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  33.  11
    Matthew Priselac, Locke: Knowledge of the External World.
    Locke: Knowledge of the External World The problem of how we can know the existence and nature of the world external to our mind is one of the oldest and most difficult in philosophy. The discussion by John Locke of knowledge of the external world have proved to be some of the most confusing … Continue reading Locke: Knowledge of the External World →.
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  34.  85
    Kenneth G. Ferguson (2009). Meaning and the External World. Erkenntnis 70 (3):299 - 311.
    Realism, defined as a justified belief in the existence of the external world, is jeopardized by ‘meaning rationalism,’ the classic theory of meaning that sees the extension of words as a function of the intensions of individual speakers, with no way to ensure that these intensions actually correspond to anything in the external world. To defend realism, Ruth Millikan ( 1984 , 1989a , b , 1993 , 2004 , 2005 ) offers a biological theory of (...)
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  35.  44
    Dorit Bar-On (1990). Scepticism: The External World and Meaning. Philosophical Studies 60 (3):207 - 231.
    In this paper, I compare and contrast two kinds of scepticism, Cartesian scepticism about the external world and Quinean scepticism about meaning. I expose Quine's metaphysical claim that there are no facts of the matter about meaning as a sceptical response to a sceptical problem regarding the possibility of our knowledge of meanings. I argue that this sceptical response is overkill; for the sceptical problem about our knowledge of meanings may receive a treatment similar to the naturalistic treatment (...)
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  36.  28
    Eric Thompson (2010). Pragmatic Invariantism and External World Skepticism. Southwest Philosophy Review 26 (1):35-42.
    Simply stated, Pragmatic Invariantism is the view that the practical interests of a person can influence whether that person’s true belief constitutes knowledge. My primary objective in this article is to show that Pragmatic Invariantism entails external world skepticism. Toward this end, I’ll first introduce a basic version of Pragmatic Invariantism (PI). Then I’ll introduce a sample skeptical hypothesis (SK) to the framework. From this I will show that it is extremely important that the phenomenally equivalent skeptical scenarios (...)
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  37.  8
    Basil Smith, Cartesian Scepticism About the External World, Semantic or Content Externalism, and the Mind.
    This thesis has three parts. In the first part, the author defends the coherence of Cartesian scepticism about the external world. In particular, the author contends that such scepticism survives attacks from Descartes himself, as well as from W.V.O. Quine, Robert Nozick, Alvin Goldman, and David Armstrong. It follows that Cartesian scepticism remains intact. In the second part of this thesis, the author contends that the semantic or content externalisms of Hilary Putnam and Tyler Burge do not refute (...)
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  38.  68
    Bruce Aune (1991). Knowledge of the External World. Routledge.
    Many philosophers believe that the traditional problem of our knowledge of the external world was dissolved by Wittgestein and others. They argue that it was not really a problem - just a linguistic `confusion' that did not actually require a solution. Bruce Aune argues that they are wrong. He casts doubt on the generally accepted reasons for putting the problem aside and proposes an entirely new approach. By considering the history of the problem from Descartes to Kant, Aune (...)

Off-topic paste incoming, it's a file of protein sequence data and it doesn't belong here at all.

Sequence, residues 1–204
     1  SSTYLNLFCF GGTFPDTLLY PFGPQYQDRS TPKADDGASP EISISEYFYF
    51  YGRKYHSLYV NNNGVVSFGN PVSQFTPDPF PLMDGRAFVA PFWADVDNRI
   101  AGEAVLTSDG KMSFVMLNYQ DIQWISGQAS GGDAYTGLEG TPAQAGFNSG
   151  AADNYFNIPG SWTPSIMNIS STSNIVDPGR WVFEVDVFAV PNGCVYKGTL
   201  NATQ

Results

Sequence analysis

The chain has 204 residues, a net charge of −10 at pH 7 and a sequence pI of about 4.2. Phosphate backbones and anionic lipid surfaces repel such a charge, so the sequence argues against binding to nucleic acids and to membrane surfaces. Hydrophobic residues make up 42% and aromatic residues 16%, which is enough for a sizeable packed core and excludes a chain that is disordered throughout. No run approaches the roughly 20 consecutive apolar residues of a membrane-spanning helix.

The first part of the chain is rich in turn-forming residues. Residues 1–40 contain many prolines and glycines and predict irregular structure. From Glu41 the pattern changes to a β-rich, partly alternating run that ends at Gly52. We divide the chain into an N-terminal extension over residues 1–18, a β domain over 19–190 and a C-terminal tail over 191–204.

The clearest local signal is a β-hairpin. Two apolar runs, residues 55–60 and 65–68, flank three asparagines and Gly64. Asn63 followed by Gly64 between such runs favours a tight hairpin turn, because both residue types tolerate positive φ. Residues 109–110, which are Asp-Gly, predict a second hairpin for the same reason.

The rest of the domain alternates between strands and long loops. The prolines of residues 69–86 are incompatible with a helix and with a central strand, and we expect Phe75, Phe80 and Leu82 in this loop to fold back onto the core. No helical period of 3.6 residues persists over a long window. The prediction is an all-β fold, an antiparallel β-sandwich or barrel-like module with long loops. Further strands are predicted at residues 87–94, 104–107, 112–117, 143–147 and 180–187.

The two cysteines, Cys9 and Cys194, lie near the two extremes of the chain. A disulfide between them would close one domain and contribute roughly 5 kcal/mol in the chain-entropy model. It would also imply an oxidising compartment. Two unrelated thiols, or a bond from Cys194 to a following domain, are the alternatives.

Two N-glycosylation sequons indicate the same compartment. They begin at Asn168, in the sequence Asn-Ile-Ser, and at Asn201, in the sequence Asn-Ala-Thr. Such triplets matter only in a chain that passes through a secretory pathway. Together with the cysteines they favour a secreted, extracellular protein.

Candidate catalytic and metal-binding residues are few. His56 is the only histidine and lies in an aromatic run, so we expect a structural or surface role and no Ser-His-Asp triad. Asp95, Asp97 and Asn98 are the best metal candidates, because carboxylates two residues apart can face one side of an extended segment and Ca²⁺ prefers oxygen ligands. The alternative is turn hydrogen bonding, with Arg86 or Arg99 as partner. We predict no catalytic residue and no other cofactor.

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  39.  22
    Cecilia Wee (2001). Newman and the Proof of the External World in Descartes's Meditations. British Journal for the History of Philosophy 9 (1):123 – 130.
    In Descartes's _Third Meditation, the mediator states that he may have unknown faculties that could cause his ideas of corporeal things. His proof of the external world in the _Sixth Meditation, however, clearly relies on the assumption that he does not have such unknown faculties. This paper examines Lex Newman's attempt to resolve this apparent inconsistency. I argue that the attempt is not altogether successful.
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  40.  16
    Rainer Mausfeld (2001). What's Within? Can the Internal Structure of Perception Be Derived From Regularities of the External World? Behavioral and Brain Sciences 24 (4):689-690.
    Shepard's approach is regarded as an attempt to rescue, within an evolutionary perspective, an empiricist theory of mind. Contrary to this, I argue that the structure of perceptual representations is essentially co-determined by internal aspects and cannot be understood if we confine our attention to the physical side of perception, however appropriately we have chosen our vocabulary for describing the external world. Furthermore, I argue that Kubovy and Epstein's “more modest interpretation” of Shepard's ideas on motion perception is (...)
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  41.  12
    James D. Stuart (1986). Descartes' Proof of the External World. History of Philosophy Quarterly 3 (1):19 - 28.
    I argue that descartes' doubting of the external world does not rest on doubting the truth of clear and distinct ideas. in fact, he denies that we clearly and distinctly perceive the "existence" of material things. thus, their existence is not established through the validation of such ideas and we can understand why descartes' argument for their existence takes the form it does. i suggest that dreams lead him to conclude that the existence of material things is not (...)
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  42.  17
    Donald D. Hoffman (2003). Does Perception Replicate the External World? Behavioral and Brain Sciences 26 (4):415-416.